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by Bhanu Ahluwalia Animal photography, also called wildlife photography , covers the whole world of animals from your adorable pet dog to ferocious lions. Animals can make very attention-grabbing subjects to shoot whether wild or domesticated.
Photo by Yvonne Ayoub Within the plumage of a peacock lies a complex architecture that's continuously changing color. Or so it seems. Though the colors of a peacock are revered, it is just as stunning--if not more so--without them.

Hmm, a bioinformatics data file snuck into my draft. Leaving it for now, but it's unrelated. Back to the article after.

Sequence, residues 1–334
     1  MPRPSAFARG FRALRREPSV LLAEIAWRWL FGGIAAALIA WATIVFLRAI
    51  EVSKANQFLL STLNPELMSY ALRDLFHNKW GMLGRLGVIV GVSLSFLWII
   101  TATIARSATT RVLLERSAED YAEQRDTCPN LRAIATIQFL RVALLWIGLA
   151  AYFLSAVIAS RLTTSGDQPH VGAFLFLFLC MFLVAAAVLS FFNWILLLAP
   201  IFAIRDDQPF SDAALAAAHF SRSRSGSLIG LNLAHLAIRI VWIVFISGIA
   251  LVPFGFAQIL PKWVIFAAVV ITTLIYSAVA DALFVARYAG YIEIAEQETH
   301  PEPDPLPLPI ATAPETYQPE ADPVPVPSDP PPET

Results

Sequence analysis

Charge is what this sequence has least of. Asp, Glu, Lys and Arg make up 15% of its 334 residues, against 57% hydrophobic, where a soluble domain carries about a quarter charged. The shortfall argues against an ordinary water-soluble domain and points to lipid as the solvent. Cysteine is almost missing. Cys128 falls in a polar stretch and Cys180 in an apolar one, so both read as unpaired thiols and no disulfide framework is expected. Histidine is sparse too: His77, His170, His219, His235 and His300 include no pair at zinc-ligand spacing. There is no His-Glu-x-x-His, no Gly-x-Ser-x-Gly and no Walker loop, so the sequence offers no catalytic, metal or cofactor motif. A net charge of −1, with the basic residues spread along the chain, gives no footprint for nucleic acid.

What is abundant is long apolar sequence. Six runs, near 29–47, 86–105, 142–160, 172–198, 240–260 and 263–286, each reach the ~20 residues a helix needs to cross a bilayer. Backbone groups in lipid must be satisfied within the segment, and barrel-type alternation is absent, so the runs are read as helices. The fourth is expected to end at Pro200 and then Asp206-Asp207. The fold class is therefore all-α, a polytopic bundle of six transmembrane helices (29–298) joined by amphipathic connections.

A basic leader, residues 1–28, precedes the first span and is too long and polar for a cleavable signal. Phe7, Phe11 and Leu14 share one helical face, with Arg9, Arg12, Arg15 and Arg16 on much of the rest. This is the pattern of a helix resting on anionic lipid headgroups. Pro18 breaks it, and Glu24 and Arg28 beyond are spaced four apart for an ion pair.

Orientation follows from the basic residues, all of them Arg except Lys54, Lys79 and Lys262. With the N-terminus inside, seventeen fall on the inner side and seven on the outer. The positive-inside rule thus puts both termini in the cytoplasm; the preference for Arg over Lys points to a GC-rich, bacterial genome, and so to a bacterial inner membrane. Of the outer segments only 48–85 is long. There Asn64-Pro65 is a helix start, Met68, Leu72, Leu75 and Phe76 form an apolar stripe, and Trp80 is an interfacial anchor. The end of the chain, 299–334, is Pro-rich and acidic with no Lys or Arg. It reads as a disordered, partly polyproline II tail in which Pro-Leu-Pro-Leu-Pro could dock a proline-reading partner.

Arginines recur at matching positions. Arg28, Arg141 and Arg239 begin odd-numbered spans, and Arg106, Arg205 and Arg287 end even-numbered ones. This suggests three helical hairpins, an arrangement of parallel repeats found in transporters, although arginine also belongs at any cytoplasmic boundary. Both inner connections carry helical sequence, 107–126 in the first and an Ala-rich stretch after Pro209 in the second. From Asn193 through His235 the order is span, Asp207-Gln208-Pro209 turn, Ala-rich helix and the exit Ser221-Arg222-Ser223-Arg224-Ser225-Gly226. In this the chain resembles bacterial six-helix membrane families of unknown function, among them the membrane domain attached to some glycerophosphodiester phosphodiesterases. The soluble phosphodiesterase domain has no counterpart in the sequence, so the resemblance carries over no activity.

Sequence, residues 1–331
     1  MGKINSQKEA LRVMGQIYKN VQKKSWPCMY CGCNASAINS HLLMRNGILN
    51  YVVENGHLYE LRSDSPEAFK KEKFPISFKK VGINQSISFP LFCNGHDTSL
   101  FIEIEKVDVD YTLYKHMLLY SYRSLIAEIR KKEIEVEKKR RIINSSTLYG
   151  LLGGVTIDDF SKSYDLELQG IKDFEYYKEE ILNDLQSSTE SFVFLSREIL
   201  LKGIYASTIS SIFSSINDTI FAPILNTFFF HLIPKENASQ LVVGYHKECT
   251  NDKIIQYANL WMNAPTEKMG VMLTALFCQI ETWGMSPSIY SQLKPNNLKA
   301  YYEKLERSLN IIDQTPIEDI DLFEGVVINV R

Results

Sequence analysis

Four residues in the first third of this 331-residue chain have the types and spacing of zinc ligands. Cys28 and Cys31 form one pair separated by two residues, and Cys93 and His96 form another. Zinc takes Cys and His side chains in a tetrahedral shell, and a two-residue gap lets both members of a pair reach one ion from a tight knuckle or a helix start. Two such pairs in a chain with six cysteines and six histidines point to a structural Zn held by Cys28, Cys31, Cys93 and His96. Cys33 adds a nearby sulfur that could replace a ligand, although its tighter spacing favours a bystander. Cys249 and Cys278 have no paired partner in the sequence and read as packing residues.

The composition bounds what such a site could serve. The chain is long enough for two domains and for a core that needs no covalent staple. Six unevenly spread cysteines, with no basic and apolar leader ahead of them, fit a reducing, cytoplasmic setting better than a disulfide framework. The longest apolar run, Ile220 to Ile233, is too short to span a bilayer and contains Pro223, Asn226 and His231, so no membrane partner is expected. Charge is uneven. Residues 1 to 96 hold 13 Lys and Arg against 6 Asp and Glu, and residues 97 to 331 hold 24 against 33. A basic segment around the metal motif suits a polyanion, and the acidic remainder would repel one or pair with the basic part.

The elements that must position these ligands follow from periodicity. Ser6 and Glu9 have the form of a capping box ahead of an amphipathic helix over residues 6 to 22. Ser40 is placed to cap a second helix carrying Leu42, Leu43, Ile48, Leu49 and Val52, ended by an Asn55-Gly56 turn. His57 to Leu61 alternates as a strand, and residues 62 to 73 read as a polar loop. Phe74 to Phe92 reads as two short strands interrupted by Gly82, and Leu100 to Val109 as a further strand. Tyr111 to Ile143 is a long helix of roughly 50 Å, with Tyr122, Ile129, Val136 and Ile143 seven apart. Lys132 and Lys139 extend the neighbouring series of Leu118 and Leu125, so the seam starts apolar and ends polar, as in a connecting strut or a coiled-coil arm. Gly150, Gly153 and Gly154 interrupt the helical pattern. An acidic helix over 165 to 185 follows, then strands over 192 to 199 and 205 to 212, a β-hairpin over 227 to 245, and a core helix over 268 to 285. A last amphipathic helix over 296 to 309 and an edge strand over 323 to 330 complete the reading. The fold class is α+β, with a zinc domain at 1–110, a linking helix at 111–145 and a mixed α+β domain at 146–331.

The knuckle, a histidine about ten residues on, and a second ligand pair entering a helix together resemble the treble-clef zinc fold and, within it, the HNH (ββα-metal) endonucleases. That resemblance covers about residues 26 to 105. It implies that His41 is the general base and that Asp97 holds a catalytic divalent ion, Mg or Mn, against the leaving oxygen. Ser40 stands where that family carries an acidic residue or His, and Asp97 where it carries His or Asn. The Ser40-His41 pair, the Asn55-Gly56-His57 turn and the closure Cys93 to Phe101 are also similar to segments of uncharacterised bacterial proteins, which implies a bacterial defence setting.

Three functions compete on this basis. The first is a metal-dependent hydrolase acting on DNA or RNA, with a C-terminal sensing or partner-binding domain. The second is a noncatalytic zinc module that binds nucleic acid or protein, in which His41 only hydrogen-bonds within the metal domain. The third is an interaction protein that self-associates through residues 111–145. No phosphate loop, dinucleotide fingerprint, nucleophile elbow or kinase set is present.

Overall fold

If monkeys told fairy tales, the antagonist in their version of "Little Red Riding Hood" might be a margay instead of a big bad wolf. According to the Wildlife Conservation Society , new research shows how these rare, little understood felines use psychological trickery to lure in their dinner. The behavior was first witnessed back in 2005 when Wildlife Conservation Society researchers were following a group of pied tamarins — tiny monkeys the size of squirrels — through the Amazon rain forest. While the monkeys were feeding, both the tamarins and the researchers suddenly became alerted to what sounded like baby tamarin distress calls. That's when surprised researchers saw what was hidden from the adult tamarins: a hungry margay lurking in the branches.